Now Reading... posted 16 August 2005 in Off-Topic DiscussionNow Reading... by Tattooed Hand, Auditor

I just finished up The Persian Boy by Mary Renault. I don't know if anyone would like this as much as I did. It's about the last 7 years of Alexander the Great's life as told by the Persian eunuch who was his "beloved" (actually referred to this way in the Greek sources. It's a perfect rendition of a "Persian" love story with the lover as the slave of the beloved who lives out most of his life in abject separation from the beloved. It's historical fiction, but the love story really moved me, which is sort of shocking given how jaded and sardonic I am about those sorts of things.

Am also in the middle of reading Midnight Tides for the second time - man those books make so much sense the second time around. I must have been seized with narrative lust the first time around that I missed alot.

Also nosing lazily through White Mughals by William Dalrymple. It's sort of history lite about British in India. English Company man elopes with upper class "native" lady, converts to (gasp) Islam to do so (the author assumes we will all be shocked about this). The funny thing is that the woman is from an Iranian family and he never does deal with this. The background history is atrocious, partly because he is depending on secondary sources with little idea as to their quality and he clearly speaks no Persian or South Asian language. Still, my dissertation is on Iranians in India and Burma and this particular Iranian family was kind enough to leave lots of written records behind!

And lots of boring British colonial documents about anti-Indian riots in Burma in the 1930s. For a paper. view post


The Status of Women and Some Real World Comparisons posted 16 August 2005 in Author Q & AThe Status of Women and Some Real World Comparisons by Tattooed Hand, Auditor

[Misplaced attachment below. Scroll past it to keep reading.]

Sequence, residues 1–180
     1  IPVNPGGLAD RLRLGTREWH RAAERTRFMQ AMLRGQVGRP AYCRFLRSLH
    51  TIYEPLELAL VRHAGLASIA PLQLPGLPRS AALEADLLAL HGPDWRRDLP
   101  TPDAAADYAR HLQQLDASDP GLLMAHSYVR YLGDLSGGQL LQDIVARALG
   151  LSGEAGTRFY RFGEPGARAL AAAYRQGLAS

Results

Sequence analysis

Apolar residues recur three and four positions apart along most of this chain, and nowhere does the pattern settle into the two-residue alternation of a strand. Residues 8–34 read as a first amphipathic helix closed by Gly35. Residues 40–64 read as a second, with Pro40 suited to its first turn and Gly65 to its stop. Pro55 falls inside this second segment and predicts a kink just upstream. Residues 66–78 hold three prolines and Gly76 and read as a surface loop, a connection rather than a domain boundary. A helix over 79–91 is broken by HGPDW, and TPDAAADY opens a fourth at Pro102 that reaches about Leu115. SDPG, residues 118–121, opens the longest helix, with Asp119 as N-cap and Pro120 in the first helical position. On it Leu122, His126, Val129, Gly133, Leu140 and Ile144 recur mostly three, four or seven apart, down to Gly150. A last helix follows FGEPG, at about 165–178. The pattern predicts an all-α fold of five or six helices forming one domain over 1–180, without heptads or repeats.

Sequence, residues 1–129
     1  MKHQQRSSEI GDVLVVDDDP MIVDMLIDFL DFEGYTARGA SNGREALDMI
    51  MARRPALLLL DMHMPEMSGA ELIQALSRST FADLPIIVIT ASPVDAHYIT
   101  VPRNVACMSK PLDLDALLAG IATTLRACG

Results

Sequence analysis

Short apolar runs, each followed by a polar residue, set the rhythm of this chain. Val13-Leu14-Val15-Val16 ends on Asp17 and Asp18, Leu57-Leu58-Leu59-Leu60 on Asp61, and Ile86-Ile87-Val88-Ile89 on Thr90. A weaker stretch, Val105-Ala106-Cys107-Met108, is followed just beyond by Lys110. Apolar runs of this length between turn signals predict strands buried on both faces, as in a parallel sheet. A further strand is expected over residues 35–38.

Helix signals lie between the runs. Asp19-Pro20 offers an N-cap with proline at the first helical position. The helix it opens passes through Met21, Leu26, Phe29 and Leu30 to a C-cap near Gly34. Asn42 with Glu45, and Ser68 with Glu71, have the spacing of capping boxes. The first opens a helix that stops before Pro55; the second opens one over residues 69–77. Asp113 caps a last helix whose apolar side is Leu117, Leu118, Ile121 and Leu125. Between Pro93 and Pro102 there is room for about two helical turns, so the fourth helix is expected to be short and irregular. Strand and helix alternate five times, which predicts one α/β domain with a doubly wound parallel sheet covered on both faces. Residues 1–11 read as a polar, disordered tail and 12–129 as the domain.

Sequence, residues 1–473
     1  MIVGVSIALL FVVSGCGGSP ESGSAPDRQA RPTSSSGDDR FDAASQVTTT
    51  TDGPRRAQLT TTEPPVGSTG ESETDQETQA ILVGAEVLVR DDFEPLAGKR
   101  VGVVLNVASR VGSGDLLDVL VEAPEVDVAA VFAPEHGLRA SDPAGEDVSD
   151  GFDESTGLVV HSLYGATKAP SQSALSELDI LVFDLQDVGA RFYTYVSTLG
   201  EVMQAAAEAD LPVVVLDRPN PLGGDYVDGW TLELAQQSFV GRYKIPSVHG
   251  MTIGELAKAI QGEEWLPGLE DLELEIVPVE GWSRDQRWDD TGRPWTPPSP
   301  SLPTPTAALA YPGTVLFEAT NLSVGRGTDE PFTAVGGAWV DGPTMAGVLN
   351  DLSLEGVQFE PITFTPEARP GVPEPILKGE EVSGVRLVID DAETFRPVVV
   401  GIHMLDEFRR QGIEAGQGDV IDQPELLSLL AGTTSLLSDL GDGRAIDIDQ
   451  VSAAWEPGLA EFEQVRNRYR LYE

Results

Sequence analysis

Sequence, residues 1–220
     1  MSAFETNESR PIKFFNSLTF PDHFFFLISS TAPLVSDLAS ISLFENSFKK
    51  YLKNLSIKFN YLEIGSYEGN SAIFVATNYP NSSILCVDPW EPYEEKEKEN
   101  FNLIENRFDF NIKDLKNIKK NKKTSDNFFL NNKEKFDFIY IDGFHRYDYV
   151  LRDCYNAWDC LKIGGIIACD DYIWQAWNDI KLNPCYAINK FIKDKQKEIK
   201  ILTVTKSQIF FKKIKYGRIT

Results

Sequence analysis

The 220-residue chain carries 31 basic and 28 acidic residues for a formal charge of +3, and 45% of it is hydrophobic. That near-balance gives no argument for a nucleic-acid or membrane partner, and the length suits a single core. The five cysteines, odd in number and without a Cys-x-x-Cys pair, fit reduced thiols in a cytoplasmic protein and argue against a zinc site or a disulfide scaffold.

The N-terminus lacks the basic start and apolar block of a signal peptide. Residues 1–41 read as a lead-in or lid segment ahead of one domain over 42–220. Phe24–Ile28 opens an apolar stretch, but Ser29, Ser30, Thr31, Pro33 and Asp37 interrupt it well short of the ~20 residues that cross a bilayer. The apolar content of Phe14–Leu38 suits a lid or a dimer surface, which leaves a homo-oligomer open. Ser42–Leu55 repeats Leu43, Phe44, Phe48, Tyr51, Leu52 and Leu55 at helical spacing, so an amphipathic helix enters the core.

As a specialist on British colonialism (particularly in India), you're going to have a hard time selling benificent colonialism to me. I could bore you to death about how even seemingly "beneficial" aspects of colonialism were extremely detrimental, primarily because they were first and foremost self-serving. The british took over India at a time of political weakness and Thugees were dealt with just fine by local governments when things were running smoothly.

Merchants made more money using a colonial workforce that was already in place and undercutting their competitors' comparative advantage through the demonization of slave labor.

I am willing to grant you that many activists thought slavery was morally wrong and this is why they narrated (to others and themselves) that they were against it. But if we look at what morally wrong actually means in this context, given that non-white people were at the same time systematically colonized and de-humanized, this morality seems a little different from what you or I might expect from the term. view post


Most cruel act yet? posted 30 August 2005 in The Thousandfold ThoughtMost cruel act yet? by Tattooed Hand, Auditor